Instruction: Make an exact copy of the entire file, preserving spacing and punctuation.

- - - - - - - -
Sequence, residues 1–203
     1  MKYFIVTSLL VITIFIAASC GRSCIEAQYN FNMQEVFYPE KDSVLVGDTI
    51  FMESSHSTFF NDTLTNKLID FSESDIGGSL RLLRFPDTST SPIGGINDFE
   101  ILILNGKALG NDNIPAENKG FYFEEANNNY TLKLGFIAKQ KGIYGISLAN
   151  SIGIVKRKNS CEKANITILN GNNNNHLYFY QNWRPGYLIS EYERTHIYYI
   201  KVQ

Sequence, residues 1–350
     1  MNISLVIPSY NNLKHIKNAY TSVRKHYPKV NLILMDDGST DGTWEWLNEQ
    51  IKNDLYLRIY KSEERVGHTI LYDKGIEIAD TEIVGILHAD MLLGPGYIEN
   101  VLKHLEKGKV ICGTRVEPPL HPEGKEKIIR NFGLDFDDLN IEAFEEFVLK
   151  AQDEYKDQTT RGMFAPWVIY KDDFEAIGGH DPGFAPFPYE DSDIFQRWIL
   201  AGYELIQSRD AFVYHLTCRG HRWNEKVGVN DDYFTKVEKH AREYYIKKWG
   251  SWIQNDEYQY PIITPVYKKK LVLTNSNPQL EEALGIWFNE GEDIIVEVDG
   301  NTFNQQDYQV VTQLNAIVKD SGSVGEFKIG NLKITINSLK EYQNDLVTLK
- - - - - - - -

Sequence, residues 1–203
     1  MKYFIVTSLL VITIFIAASC GRSCIEAQYN FNMQEVFYPE KDSVLVGDTI
    51  FMESSHSTFF NDTLTNKLID FSESDIGGSL RLLRFPDTST SPIGGINDFE
   101  ILILNGKALG NDNIPAENKG FYFEEANNNY TLKLGFIAKQ KGIYGISLAN
   151  SIGIVKRKNS CEKANITILN GNNNNHLYFY QNWRPGYLIS EYERTHIYYI
   201  KVQ

Sequence, residues 1–350
     1  MNISLVIPSY NNLKHIKNAY TSVRKHYPKV NLILMDDGST DGTWEWLNEQ
    51  IKNDLYLRIY KSEERVGHTI LYDKGIEIAD TEIVGILHAD MLLGPGYIEN
   101  VLKHLEKGKV ICGTRVEPPL HPEGKEKIIR NFGLDFDDLN IEAFEEFVLK
   151  AQDEYKDQTT RGMFAPWVIY KDDFEAIGGH DPGFAPFPYE DSDIFQRWIL
   201  AGYELIQSRD AFVYHLTCRG HRWNEKVGVN DDYFTKVEKH AREYYIKKWG
   251  SWIQNDEYQY PIITPVYKKK LVLTNSNPQL EEALGIWFNE GEDIIVEVDG
   301  NTFNQQDYQV VTQLNAIVKD SGSVGEFKIG NLKITINSLK EYQNDLVTLK